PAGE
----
Now comes another: composting. A start-up in Washington state, Rooted Pet, says its new service is something the “pet aftercare space” has been lacking — and one owners can feel good about. Letting kitty decompose in a mixture of organic matter uses less energy than firing up a cremation oven, requires less land than a graveyard and is a poignant, dust-to-dust type of process, general manager Paul Tschetter says.
With cremation, “you’re quite literally vaporizing the soft tissues . . . it’s pulverized and put in a cute box and given back,” said Tschetter, whose firm is located outside Olympia, Wash. “I feel like we’re adding more meaning back into this whole death process.”
This could be a mental hurdle for many grieving pet owners, but Tschetter is probably onto something. The $67 billion pet industry includes a growing aftercare segment catering to owners who, after spending lots keeping animals they consider family members happy and alive, are willing to go to extra lengths when the pets die. More than 700 pet cemeteries and crematoriums in the United States are one testament to the demand.
“If you’re in this business right now,” Tom Flynn, the president of Hillcrest-Flynn Pet Funeral Home and Crematory in Hermitage, Pa., told Bloomberg Businessweek in 2012, “you’re just sailing with the wind right at your back.”
Tschetter describes himself as a “serial entrepreneur,” who, along with a friend who had years of experience in waste management and composting, realized a few years ago that there might be room for new ideas in this market. Composting animal carcasses, they knew, is far from unusual — it’s the method many farms use to dispose of deceased livestock, and it’s how some states now contend with roadkill.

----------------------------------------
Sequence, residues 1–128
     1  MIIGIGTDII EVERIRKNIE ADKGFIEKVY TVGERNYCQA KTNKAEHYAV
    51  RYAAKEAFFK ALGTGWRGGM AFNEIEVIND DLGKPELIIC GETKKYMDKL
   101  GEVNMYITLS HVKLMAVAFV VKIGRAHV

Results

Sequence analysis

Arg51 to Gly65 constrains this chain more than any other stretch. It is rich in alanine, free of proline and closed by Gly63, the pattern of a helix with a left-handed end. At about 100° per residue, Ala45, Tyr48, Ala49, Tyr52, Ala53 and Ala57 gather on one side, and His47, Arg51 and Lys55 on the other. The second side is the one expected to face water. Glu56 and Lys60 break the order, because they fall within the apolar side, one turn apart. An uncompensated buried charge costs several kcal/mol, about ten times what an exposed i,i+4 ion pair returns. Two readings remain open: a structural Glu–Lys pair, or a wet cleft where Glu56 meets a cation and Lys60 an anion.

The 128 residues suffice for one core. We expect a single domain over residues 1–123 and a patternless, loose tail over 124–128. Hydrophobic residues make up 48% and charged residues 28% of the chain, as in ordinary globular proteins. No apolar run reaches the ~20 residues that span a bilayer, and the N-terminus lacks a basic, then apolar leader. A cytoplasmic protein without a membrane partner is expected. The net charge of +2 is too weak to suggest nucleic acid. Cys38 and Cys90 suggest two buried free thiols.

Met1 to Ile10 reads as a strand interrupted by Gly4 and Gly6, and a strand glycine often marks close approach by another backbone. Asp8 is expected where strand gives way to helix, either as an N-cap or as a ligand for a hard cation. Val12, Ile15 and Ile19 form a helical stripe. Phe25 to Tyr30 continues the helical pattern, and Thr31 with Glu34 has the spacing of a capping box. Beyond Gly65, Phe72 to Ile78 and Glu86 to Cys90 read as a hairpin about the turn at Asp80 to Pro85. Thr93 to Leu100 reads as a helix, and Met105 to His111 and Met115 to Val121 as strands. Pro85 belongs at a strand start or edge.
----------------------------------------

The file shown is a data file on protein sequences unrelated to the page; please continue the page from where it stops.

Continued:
Donated farm animals, as well as some collected roadkill, were what Rooted used as “test subjects” for their composting system, said Tschetter. The system is based at his business partner’s farm, but it’s all indoors, which helps the company avoid some regulatory hurdles that would come along with composting bodies outside. Pet carcasses are placed in boxlike “pods” with wood chips and other organic matter, Tschetter said. Six to eight weeks later, the cocktail has morphed into rich soil that looks, smells and feels like any other compost, he said.
“We’re literally taking what happens in nature and speeding it up,” he said, referring to the decomposition that would occur if you buried your pooch in the backyard (which many jurisdictions do not allow). But, he acknowledged, “it’s a newer thing and it’s going to weird some people out.”
Given the one cubic yard size of the pods, the company for now can only accept animals weighing up to 100 pounds, Tschetter said; so far it has composted mostly dogs and cats, but also a few birds and a snake. But that might change. Rooted presented at a recent veterinary conference in Washington state last month, and Tschetter said the response from area veterinarians — who will be the primary go-betweens linking pet owners to the composting business — has been “overwhelming.”
People who decide composting their dead pet is right for them can choose from several end products. Let Rooted keep the compost and it will use it on its farm or on a tree-planting project. Get your composted pet back (alone or, for a lower price, mixed with other pets), and you can use it to nourish a new tree in your yard. If that seems a bit too hands-on, Rooted can send you a houseplant growing in compost created from your beloved animal’s remains.
It would be, Tschetter said, a “living memorial.”